How to Compile and Install a new Linux kernel
Compiling custom kernel has its own advantages and disadvantages. However, new Linux user / admin find it difficult to compile Linux kernel. Compiling kernel needs to understand few things and then just type couple of commands. This step by step howto covers compiling Linux kernel version 2.6.xx under Debian GNU Linux. However, instructions remains the same for any other distribution except for apt-get command.
Step # 1 Get Latest Linux kernel code
Visit http://kernel.org/ and download the latest source code. File name would be linux-x.y.z.tar.bz2, where x.y.z is actual version number. For example file inux-2.6.25.tar.bz2 represents 2.6.25 kernel version. Use wget command to download kernel source code:
$ cd /tmp
$ wget http://www.kernel.org/pub/linux/kernel/v2.6/linux-x.y.z.tar.bz2
Note: Replace x.y.z with actual version number.
Step # 2 Extract tar (.tar.bz3) file
Type the following command:
# tar -xjvf linux-2.6.25.tar.bz2 -C /usr/src
# cd /usr/src
Step # 3 Configure kernel
Before you configure kernel make sure you have development tools (gcc compilers and related tools) are installed on your system. If gcc compiler and tools are not installed then use apt-get command under Debian Linux to install development tools.
# apt-get install gcc
Now you can start kernel configuration by typing any one of the command:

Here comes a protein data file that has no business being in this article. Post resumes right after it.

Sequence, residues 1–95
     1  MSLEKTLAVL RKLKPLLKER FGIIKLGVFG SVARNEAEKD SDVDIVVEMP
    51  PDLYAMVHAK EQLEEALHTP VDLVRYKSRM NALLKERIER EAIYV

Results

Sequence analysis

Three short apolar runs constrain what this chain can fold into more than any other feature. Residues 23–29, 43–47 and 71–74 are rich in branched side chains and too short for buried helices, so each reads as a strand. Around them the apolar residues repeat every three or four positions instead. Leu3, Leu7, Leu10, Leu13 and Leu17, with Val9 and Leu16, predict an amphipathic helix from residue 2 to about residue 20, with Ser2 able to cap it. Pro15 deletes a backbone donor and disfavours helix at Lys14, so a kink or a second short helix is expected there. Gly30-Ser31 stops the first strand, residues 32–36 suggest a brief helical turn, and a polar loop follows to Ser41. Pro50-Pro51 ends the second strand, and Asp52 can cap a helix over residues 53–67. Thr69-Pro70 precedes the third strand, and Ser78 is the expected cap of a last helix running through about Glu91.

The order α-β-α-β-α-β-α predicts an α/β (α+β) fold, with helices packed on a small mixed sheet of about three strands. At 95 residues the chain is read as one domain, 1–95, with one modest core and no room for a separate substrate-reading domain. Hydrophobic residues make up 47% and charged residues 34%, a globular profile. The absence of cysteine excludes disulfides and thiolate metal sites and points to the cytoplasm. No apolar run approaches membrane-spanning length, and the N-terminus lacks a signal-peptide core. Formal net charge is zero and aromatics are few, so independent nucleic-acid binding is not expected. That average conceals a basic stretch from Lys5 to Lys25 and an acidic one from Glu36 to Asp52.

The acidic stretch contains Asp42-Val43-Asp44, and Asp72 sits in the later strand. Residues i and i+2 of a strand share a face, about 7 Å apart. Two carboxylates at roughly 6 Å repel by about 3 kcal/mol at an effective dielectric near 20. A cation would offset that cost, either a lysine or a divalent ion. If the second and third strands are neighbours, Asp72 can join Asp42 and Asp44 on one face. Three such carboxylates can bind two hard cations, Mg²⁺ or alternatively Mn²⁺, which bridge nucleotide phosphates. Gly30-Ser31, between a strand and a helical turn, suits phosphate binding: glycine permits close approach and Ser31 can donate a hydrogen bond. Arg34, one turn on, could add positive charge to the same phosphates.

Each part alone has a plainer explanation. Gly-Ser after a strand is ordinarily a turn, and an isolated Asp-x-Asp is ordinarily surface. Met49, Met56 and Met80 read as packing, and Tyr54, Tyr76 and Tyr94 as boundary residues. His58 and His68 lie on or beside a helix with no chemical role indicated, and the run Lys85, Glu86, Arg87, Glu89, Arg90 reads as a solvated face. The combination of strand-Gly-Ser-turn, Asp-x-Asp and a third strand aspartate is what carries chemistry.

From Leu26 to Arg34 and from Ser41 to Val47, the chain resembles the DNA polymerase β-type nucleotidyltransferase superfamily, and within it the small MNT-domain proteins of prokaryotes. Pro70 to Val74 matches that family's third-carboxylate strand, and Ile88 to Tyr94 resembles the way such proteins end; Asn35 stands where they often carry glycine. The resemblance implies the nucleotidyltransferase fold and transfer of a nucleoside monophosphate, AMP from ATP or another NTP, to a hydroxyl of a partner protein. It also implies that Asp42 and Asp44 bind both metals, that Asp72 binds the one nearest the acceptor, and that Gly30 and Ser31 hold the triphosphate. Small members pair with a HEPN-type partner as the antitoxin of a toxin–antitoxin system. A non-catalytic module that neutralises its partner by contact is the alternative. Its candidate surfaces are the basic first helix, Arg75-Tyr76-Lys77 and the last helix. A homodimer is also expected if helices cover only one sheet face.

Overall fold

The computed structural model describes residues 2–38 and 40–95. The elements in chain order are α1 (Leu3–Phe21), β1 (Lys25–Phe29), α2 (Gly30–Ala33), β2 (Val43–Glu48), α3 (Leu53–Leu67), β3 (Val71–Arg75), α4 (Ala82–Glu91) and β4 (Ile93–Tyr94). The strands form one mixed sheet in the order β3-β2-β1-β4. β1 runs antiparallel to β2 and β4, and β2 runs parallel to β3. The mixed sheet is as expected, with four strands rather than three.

- $ make menuconfig - Text based color menus, radiolists & dialogs. This option also useful on remote server if you wanna compile kernel remotely.
- $ make xconfig - X windows (Qt) based configuration tool, works best under KDE desktop
- $ make gconfig - X windows (Gtk) based configuration tool, works best under Gnome Dekstop.
For example make menuconfig command launches following screen:
$ make menuconfig
You have to select different options as per your need. Each configuration option has HELP button associated with it so select help button to get help.
Step # 4 Compile kernel
Start compiling to create a compressed kernel image, enter:
Start compiling to kernel modules:
$ make modules
Install kernel modules (become a root user, use su command):
$ su -
# make modules_install
Step # 5 Install kernel
So far we have compiled kernel and installed kernel modules. It is time to install kernel itself.
# make install
It will install three files into /boot directory as well as modification to your kernel grub configuration file:
Step # 6: Create an initrd image
Type the following command at a shell prompt:
# cd /boot
# mkinitrd -o initrd.img-2.6.25 2.6.25
initrd images contains device driver which needed to load rest of the operating system later on. Not all computer requires initrd, but it is safe to create one.
Step # 7 Modify Grub configuration file - /boot/grub/menu.lst
Open file using vi:
# vi /boot/grub/menu.lst
title Debian GNU/Linux, kernel 2.6.25 Default root (hd0,0) kernel /boot/vmlinuz root=/dev/hdb1 ro initrd /boot/initrd.img-2.6.25 savedefault boot
Remember to setup correct root=/dev/hdXX device. Save and close the file. If you think editing and writing all lines by hand is too much for you, try out update-grub command to update the lines for each kernel in /boot/grub/menu.lst file. Just type the command:
Step # 8 : Reboot computer and boot into your new kernel
Just issue reboot command: